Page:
Chronicle of Giving Winter 2013

• In 1942, RPI started a program in Occupational Therapy meeting the OT needs of our nation’s returning war veterans. The program transferred to the School of Allied Health Professions in 1970 and is currently ranked 13th in the U.S. News & World Report’s Best Graduate Schools list, providing comprehensive academic OT programs with laboratory and research unparallel to our sister institutions. • In 1949, Mr. Charles P. Cardwell, Jr., and Dr. William T. Sanger were instrumental in organizing the School of Hospital Administration. Shortly after, the first class graduated in 1951. The name changed to Health Administration in 1978 and currently holds the No. 5 spot on the U.S. News & World Report’s Best Graduate Schools list. • Rehabilitation Counseling started in 1955 at RPI and was transferred to the School of Allied Health Professions in 1994. This department is highly recognized for securing research grants and currently holds the national ranking of No. 7 on the U.S. News & World Report’s Best Graduate Schools list. • In 1958, MCV Hospital developed a Clinical Pastoral Education Center. The Patient Counseling Program also began that same year. The Rev. George Polk was the first African-American to become a certified supervisor by the Association for CPE and was a member of the 1959 resident class. In 1970, the Program in Patient Counseling joined the School of Allied Health Professions, and in 2000 began offering the first master’s degree in CPE. • In 1969, the School of Allied Health Professions was established at VCU. On January 9, Dr. Thomas C. Barker became the first dean of the School. • This same year, the School of Allied Health Professions established the Department of Nurse Anesthesia. On its 10-year anniversary, the department became the first in the nation to offer a post baccalaureate master’s degree in nurse anesthesia. In 2003, the department claimed the No. 1 spot in the U.S. News & World Report’s Best Graduate Schools list and has held this honor for the past nine years.

• The Department of Gerontology began in 1976 and was formally made a part of the school in 1985, providing elder care through education. The department provides master’s and certificate education, along with doctorate degrees through the School’s Ph.D. in Health Related Sciences Program. In 1983, the Alzheimer’s Fund was established through philanthropic support and provides professional development for students in this area. The department celebrated its 35th anniversary in 2011 with record alumni engagement events and the launch of an endowed chair fundraising campaign. • In 1978, the Virginia General Assembly created the Virginia Center on Aging, based in the School and serving as an interdisplinary study of research, information and resource facility. • On April 2, 1997, Dr. Cecil B. Drain became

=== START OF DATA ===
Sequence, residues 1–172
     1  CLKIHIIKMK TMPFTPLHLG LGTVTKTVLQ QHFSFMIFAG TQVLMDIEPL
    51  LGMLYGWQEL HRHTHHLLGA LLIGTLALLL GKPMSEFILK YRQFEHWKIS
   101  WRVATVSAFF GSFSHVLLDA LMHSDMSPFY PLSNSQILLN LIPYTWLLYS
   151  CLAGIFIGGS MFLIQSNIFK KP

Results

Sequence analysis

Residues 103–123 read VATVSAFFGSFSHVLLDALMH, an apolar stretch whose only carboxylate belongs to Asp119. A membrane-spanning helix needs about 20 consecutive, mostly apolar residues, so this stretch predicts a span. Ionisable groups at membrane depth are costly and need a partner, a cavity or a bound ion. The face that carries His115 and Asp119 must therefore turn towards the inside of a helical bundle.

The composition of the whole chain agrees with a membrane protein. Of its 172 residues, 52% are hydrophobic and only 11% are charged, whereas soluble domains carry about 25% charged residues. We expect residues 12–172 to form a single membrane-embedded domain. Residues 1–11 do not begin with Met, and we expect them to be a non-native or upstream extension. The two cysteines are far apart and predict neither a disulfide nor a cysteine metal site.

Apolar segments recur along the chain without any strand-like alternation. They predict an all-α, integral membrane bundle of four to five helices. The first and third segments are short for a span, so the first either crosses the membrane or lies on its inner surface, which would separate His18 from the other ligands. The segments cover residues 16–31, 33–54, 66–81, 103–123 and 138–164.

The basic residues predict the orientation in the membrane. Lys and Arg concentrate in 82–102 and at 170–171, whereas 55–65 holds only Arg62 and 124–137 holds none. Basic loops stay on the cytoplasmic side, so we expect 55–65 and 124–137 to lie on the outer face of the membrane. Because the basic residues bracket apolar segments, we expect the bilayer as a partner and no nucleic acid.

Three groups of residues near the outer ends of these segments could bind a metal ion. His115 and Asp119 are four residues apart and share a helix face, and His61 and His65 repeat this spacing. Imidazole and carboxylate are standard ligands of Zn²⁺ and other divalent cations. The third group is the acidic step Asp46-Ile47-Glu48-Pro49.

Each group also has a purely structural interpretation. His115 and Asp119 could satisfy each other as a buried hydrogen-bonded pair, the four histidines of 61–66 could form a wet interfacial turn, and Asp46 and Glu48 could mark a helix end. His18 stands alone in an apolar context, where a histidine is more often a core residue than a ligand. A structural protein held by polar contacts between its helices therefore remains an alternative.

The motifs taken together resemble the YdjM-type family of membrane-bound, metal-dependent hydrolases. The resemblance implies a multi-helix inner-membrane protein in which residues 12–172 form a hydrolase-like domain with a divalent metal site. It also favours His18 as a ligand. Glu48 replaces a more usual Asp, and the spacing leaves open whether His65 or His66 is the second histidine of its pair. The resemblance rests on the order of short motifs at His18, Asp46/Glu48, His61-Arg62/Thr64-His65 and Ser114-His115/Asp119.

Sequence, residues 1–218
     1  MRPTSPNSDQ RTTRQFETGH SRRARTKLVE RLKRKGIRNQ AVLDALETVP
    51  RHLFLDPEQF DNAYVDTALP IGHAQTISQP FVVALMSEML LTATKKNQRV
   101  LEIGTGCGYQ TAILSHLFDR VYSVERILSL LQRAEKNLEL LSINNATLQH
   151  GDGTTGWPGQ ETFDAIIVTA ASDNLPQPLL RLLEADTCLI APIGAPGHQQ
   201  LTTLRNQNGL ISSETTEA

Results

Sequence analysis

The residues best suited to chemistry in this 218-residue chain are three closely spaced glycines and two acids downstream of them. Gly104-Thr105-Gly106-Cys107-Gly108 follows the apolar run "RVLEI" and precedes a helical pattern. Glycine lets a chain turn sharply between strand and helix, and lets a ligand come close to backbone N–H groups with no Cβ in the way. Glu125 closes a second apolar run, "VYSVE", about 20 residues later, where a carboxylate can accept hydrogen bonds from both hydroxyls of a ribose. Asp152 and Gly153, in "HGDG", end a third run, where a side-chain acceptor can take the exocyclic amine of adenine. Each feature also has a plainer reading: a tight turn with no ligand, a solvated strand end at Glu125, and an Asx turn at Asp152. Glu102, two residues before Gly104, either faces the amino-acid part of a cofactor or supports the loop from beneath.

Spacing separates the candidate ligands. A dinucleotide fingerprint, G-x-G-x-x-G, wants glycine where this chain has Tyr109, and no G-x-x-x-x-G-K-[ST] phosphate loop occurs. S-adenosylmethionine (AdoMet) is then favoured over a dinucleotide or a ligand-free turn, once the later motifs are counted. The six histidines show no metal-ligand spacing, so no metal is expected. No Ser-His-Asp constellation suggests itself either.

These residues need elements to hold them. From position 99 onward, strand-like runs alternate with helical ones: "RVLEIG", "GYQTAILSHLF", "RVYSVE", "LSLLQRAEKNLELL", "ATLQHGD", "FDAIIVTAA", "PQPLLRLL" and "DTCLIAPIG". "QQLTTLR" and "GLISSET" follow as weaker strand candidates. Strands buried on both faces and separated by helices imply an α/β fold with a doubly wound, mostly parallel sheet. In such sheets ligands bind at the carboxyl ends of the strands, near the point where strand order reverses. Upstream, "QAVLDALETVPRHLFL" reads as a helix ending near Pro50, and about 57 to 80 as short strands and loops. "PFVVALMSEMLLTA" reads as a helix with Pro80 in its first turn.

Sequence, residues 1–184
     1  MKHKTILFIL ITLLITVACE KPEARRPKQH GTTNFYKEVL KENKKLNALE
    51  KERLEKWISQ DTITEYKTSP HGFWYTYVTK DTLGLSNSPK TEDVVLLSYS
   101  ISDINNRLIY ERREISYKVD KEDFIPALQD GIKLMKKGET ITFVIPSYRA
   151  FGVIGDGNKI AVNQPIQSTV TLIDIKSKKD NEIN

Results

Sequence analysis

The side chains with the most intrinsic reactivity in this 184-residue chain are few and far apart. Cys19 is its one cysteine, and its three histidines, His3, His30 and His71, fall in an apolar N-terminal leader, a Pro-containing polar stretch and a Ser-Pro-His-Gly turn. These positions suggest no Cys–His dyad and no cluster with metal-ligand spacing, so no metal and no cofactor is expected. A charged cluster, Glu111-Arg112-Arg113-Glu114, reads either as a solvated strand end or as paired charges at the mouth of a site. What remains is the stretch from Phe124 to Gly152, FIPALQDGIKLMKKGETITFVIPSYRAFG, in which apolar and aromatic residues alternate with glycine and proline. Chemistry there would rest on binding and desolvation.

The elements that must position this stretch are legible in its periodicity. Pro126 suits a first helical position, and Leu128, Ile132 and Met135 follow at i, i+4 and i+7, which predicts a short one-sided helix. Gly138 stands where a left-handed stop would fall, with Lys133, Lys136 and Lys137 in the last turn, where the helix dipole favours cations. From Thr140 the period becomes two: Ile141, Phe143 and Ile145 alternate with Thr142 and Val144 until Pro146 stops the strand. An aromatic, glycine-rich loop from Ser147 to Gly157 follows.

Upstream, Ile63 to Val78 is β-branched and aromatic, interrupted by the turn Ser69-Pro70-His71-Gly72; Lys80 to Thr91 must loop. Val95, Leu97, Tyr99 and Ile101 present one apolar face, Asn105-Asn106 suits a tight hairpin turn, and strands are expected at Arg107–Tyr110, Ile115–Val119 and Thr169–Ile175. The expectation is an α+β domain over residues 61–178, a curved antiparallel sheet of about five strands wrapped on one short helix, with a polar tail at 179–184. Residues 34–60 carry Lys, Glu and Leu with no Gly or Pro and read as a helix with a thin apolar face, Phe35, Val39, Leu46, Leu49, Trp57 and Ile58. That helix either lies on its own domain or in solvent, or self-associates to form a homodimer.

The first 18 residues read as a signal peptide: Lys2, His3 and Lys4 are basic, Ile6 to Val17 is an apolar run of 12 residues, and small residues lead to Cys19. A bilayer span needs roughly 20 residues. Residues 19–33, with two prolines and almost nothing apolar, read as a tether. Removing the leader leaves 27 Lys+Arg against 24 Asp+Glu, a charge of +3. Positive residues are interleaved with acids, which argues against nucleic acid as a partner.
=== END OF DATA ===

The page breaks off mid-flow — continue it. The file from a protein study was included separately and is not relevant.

Professions the second dean of the School of Allied Health Professions.

• In 1998, the School of Allied Health Professions accepted the first students into the interdisciplinary Ph.D. in Health Related Sciences. • In 2008, the School of Allied Health Professions’ enrollment exceeded 1,000 students.

• The U.S. News & World Report’s Best Graduate Schools list of 2011 ranks the School of Allied Health Professions with more programs in the top 20 than any other allied health program in the nation. • This year, the school celebrated the 85th anniversary of its Clinical Laboratory Sciences program, formerly Medical Technology, its most senior program. The program has raised record gifts for the department and school, including funding for the new Health Diagnostic Laboratory Student Scholars Program.

Photos courtesy of the VCU School of Allied Health Professions’ Departments of Clinical Laboratory Sciences and Physical Therapy.

MCV tapestry


Years of Gratitude Dentistry Class of 1962

“We owe everything to our education at the dental school,” exclaimed Dr. Maury A. “Al” Hubbard D’62 in response to the question of why he was so passionate in leading his class’s recent 50th reunion fundraising efforts. Hubbard, along with classmate and life-long friend, Dr. William D. “Bill” Covington D’62, knows the importance of educational opportunity and alumni involvement in the success of today’s dental students.

Photo: Doug Buerlein

Dr. Maury A. “Al” Hubbard (left) and Dr. William D. Covington (right) presented Dean David C. Sarrett, D.M.D. with the VCU School of Dentistry Class of 1962’s Reunion check in the amount of $311,500.

On most Fridays of the last five decades, you could find Hubbard and Covington in the student clinics as part-time faculty sharing the skills and wisdom acquired from successful private general dentistry practices with novice practitioners eager to learn the tricks of the trade. “The students are a joy to teach,” says Covington, “they are why we haven’t stopped coming back for the last fifty years!” Many 1962 dentistry classmates recently returned to campus to mark a half century since their time together under the tutelage of Dean Harry Lyons and his faculty. Besides celebrating their personal successes and collective service to thousands of patients around the country, the group decided to honor Dr. Lyon’s legacy with a new endowed student scholarship in his name.


Chronicle of Giving Winter 2013